DESIGN PRINCIPLES ASSOCIATED WITH USING INFORMATION COMMUNICATION TECHNOLOGY IN THE FORM OF AN EXPERT SYSTEM SHELL AS A COGNITIVE TOOL TO FACILITATE HIGHER ORDER THINKING
Tshwane University of Technology (SOUTH AFRICA)
About this paper:
Conference name: 10th annual International Conference of Education, Research and Innovation
Dates: 16-18 November, 2017
Location: Seville, Spain
Abstract:Information communication technology is capable of contributing supplementary teaching and learning strategies that can be used to address various educational challenges faced by higher education. Students who enter South African higher education institutions are often academically under-prepared and have not developed the cognitive skills required to engage in meaningful learning. Even though educational technology cannot address all the educational challenges faced by learning institutions, it has the potential to leverage and widen conventional teaching and learning activities under certain circumstances, and therefore influence the way in which students engage cognitively with material. Technology is being used effectively in a classroom context where the technology is not the result or object of the learning but rather supports learning by providing a scaffold that facilitates learning more effectively. When computers are used as instruments that support cognitive processes that extend people's cognitive capacity, they can be described as cognitive tools. By using cognitive tools, learners become intellectually more capable than they would otherwise be, as the specific functions that the tool is more suited to be made the responsibility of the cognitive tool. An expert system can be described as a tool that is designed to assist the user in decision making and can function as a cognitive tool when developed by students within a learning environment. The design and development of expert systems require students to demonstrate the reasoning of an expert and to exhibit an understanding of causal relationships and procedural knowledge. This study formulated design principles in the form of conjectures and principles related to a learning environment that uses technology as a cognitive tool in the form of an expert system shell to promote higher-order thinking skills. A design team comprised of six experienced lectures and instructional designers was exposed to a tentative design of a learning environment that used and expert system shell as a cognitive tool to facilitate higher order thinking. After each design session a focus group interview was conducted. An analysis of transcripts of nine of these focus group interviews was used to inform improvements to the tentative design of the learning environment. Once no more improvements were suggested a comprehensive grounded theory analysis was undertaken to formulate design principles. These design principles are expressed in the form of conjectures and principles. These are then in turn expressed in terms of the characteristics, procedures and arguments associated with a learning environment that uses technology in the form of an expert system shell to facilitate higher-order thinking. These conjectures and principles were separated into seven interrelated clusters: initial exposure, guided discovery learning, designing the expert system on paper, creating domain awareness, linking conceptual understanding to a representation of that understanding, hands-on development, and problem engagement.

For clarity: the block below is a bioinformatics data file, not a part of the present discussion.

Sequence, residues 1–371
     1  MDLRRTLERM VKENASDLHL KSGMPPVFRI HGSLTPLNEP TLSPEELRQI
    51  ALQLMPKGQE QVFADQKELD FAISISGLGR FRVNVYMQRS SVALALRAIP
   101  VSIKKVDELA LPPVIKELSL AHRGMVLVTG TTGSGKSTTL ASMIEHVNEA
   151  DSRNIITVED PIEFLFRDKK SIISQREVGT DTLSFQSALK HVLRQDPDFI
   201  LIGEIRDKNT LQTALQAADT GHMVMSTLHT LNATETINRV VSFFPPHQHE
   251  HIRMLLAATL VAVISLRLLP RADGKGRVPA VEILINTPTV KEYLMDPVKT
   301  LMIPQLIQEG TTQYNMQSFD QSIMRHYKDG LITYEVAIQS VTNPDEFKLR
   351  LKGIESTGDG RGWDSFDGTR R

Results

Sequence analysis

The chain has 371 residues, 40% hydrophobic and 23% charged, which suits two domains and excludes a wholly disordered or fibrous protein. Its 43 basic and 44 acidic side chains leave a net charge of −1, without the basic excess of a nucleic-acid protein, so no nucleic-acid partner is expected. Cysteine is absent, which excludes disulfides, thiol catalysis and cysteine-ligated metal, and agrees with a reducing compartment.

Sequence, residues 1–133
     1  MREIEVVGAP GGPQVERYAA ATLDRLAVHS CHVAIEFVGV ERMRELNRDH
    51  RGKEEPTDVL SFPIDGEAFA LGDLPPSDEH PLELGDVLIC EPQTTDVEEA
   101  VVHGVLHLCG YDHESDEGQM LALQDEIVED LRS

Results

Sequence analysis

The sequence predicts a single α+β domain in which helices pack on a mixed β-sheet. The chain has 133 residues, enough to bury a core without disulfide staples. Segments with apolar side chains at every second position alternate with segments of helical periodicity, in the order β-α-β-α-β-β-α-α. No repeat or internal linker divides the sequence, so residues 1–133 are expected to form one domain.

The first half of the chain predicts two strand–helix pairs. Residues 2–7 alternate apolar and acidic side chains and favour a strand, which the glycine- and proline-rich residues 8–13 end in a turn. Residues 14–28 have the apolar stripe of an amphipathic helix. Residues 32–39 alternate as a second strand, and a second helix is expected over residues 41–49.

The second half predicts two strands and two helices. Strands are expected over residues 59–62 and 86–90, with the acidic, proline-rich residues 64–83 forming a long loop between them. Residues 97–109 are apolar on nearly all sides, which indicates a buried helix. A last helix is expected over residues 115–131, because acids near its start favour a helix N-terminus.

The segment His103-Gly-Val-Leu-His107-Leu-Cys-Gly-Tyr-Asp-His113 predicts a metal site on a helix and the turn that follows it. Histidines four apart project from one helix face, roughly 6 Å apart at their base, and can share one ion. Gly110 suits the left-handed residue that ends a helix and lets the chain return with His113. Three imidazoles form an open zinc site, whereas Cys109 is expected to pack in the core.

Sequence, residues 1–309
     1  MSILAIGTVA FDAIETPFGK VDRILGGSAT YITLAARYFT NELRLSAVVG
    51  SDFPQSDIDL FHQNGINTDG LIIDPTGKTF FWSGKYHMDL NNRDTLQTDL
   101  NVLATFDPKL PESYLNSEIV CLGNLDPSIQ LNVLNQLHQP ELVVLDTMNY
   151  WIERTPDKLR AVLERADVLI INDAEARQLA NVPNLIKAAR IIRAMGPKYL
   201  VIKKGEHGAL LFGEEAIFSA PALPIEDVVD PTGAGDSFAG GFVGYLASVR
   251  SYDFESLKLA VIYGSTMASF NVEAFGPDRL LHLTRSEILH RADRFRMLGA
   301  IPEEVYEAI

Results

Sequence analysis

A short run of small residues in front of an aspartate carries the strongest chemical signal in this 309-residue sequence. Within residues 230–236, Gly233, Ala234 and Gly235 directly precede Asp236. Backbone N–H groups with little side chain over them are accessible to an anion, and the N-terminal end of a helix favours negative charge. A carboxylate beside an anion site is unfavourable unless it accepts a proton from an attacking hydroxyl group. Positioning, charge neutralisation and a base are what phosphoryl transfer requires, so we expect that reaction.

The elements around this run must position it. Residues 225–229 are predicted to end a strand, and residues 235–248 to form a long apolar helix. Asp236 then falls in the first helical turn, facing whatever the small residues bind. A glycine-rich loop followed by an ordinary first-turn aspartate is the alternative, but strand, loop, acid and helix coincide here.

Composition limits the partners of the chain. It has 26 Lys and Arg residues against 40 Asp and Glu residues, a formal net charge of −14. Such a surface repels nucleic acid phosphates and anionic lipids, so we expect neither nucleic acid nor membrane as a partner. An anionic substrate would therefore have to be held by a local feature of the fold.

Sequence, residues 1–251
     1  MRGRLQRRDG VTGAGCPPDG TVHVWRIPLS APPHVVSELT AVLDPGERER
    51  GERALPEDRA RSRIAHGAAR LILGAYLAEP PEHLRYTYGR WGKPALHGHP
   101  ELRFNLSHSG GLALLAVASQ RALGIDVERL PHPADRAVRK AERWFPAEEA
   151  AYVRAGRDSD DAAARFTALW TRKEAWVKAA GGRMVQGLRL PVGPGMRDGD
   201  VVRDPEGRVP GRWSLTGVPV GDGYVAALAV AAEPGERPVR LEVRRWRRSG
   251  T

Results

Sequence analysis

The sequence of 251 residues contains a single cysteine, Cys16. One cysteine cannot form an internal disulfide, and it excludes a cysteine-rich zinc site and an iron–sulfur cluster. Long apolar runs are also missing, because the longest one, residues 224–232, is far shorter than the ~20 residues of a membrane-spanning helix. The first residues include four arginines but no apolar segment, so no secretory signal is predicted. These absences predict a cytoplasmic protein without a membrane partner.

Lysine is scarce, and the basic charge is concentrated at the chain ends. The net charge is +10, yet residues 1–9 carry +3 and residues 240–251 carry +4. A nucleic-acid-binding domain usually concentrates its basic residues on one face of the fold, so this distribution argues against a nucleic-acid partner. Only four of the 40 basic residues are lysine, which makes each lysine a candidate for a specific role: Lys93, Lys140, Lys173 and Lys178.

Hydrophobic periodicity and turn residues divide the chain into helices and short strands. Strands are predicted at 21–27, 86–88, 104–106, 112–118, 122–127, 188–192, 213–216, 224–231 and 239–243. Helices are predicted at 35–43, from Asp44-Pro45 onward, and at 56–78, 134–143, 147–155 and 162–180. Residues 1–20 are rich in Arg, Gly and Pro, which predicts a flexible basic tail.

Keywords: Design research, ICT, Cognitive tools, Higher order thinking, Higher education, Under-preparedness, mind tools.